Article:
Fred’s Head from APH, a Blindness Blog

Fred’s Head, offered by the American Printing House for the Blind, contains tips, techniques, tutorials, in-depth articles, and resources for and by blind or visually impaired people. Our blog is named after the legendary Fred Gissoni, renowned for answering a seemingly infinite variety of questions on every aspect of blindness.

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Monday, September 12, 2011

Comprehensive Clinician's Guide to Low Vision from the Experts at Lighthouse International

A comprehensive, updated publication, The Lighthouse Clinician’s Guide to Low Vision Practice, from the experts at Lighthouse International, is now available from the 106 year-old nonprofit in vision rehabilitation and education. The 200-page book will serve as the seminal text for training ophthalmology and optometry students and residents, as well as practicing clinicians, in the principles of low vision clinical care and vision rehabilitation.

According to Dr. Eleanor E. Faye MD, FACS, Lighthouse International Medical Director Emerita, and a pioneer in low vision, “The guide addresses the needs clinicians have in dealing with a population that has vision loss but some functional, usable vision. We believe that the benefits of taking a functional approach will carry over to your general eye care patients as well.“ There is a growing need for low vision services. Due to aging baby boomers and diseases such as diabetes, glaucoma and macular degeneration, sixty one million Americans are at-risk of vision loss.

The Lighthouse Clinician’s Guide to Low Vision Practice helps clinicians understand low vision principles, enhances their knowledge of disease consequences, provides insight for addressing patient complaints, and increases the effectiveness of treatment, both medical and surgical, through low vision rehabilitation.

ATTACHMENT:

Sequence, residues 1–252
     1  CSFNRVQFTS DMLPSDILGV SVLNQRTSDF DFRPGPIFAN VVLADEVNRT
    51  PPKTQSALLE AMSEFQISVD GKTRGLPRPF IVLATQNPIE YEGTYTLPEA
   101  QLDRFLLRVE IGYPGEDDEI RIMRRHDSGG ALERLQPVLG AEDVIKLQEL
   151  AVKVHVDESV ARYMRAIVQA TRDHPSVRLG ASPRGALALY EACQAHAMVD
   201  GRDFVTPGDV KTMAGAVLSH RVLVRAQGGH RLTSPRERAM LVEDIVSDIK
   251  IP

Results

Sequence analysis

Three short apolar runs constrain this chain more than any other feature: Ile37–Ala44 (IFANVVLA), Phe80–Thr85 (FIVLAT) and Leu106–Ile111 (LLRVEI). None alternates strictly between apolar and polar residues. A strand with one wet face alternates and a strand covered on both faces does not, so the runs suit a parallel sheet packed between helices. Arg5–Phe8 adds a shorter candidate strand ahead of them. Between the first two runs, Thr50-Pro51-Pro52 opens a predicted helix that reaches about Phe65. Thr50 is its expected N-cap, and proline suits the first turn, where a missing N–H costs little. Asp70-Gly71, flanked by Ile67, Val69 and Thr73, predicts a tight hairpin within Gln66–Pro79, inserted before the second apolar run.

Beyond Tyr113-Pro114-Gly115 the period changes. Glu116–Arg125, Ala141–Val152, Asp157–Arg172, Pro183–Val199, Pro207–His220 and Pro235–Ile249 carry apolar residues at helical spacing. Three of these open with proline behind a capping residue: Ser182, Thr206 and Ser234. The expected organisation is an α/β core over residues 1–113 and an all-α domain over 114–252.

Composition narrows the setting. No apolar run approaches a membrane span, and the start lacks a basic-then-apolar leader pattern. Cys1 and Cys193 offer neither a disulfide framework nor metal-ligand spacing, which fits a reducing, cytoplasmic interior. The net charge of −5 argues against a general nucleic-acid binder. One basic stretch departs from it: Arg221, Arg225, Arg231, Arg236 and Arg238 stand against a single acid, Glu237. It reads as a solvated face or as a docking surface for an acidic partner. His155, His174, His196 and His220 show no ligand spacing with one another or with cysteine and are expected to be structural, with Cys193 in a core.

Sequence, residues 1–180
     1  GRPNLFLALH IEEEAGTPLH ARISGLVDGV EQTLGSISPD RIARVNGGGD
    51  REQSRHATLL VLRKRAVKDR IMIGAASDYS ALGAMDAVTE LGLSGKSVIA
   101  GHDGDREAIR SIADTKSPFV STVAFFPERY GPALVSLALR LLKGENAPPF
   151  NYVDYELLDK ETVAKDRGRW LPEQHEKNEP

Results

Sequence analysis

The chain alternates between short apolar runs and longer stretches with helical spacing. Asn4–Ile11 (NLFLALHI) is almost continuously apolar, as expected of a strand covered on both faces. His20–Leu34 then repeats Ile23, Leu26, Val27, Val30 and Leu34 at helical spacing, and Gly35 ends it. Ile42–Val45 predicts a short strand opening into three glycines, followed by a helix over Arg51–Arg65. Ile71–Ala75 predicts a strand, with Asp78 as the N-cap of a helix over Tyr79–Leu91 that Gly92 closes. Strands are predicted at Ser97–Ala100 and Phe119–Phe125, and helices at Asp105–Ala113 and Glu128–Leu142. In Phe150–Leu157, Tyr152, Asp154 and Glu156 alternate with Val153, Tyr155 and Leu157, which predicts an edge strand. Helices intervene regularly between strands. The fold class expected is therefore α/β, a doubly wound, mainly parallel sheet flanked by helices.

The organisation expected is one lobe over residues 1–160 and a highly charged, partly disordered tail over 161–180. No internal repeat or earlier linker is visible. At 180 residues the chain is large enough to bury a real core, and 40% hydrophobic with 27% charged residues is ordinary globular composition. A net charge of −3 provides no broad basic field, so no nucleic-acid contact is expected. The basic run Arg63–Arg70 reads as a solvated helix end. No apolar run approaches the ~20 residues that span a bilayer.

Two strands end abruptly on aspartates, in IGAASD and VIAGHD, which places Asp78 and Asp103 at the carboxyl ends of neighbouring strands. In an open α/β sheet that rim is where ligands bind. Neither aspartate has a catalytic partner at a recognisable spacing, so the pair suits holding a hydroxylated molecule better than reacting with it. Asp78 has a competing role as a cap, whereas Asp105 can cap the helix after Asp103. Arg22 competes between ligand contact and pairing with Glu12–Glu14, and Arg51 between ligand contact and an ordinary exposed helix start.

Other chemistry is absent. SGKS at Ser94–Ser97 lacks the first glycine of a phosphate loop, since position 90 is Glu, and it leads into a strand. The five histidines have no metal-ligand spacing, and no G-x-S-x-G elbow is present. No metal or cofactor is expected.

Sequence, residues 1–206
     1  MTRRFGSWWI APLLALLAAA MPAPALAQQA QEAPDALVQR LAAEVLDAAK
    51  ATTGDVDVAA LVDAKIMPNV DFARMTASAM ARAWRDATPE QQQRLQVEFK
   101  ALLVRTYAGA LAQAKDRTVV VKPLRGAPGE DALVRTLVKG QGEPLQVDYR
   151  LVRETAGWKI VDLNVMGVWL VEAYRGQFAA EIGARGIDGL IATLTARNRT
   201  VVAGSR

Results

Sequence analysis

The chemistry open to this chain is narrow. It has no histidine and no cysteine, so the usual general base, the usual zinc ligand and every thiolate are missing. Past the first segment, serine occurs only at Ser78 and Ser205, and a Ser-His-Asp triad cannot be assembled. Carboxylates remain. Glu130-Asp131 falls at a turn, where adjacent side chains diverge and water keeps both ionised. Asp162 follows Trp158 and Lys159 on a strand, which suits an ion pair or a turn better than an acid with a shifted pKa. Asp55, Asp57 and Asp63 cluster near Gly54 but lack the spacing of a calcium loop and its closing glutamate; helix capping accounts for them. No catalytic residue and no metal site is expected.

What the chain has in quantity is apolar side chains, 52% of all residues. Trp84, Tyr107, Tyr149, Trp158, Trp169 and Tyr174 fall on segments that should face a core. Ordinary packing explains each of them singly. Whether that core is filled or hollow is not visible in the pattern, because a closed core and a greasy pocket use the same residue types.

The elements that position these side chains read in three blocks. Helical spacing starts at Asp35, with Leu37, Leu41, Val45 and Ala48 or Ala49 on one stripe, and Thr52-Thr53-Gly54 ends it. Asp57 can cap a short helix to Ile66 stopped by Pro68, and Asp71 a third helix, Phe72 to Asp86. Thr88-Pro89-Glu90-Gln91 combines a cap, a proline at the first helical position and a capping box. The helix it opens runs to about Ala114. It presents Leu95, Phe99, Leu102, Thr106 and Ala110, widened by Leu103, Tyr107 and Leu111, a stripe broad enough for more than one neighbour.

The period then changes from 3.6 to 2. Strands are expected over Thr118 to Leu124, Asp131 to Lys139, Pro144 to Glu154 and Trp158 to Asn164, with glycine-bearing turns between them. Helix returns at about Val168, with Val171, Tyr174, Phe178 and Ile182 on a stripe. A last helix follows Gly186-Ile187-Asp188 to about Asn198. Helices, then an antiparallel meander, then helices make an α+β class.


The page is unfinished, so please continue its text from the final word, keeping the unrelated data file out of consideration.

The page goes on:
The guide has been endorsed by, Mary Lou Jackson, MD, Chair of Vision Rehabilitation Committee, American Academy of Ophthalmology and John Musick, OD. Chair of the Low Vision Section of the American Academy of Optometry.

In the Foreword, Dr. Jackson states, “In the American Academy of Ophthalmology guideline, Vision Rehabilitation for Adults, the role of the primary eye care provider was outlined as needing to “recognize and respond”, recognize the functional impact of even minimal vision loss on function, and respond by advising patients of options for rehabilitation. This book assists clinicians who provide eye care to understand what can be offered to patients with vision loss.”

Additionally, Dr. Musick notes, “This manual provides clinicians with a contemporary knowledge base that will help transform their practice from one that could only, at one time, tell their low vision patients, ‘I’m sorry, nothing else can be done,’ to one that proclaims, ‘Now, let’s see what we can do to improve your functional vision.’”

This book will help ophthalmologists and optometrists learn to:

  • Identify low vision patients
  • Evaluate functional impairment and correlate it to a patient’s disease
  • Assess how medical and surgical interventions impact a patient’s functional vision
  • Perform low vision refraction and prescribe appropriate low vision optical devices
  • Integrate low vision care and vision rehabilitation components into their practice
  • Recognize how vision rehabilitation specialists can improve the quality of life for patients

The book was supported by a grant from the Sanna and Victor Borge Memorial Fund. To order please email or call 212-821-9470.

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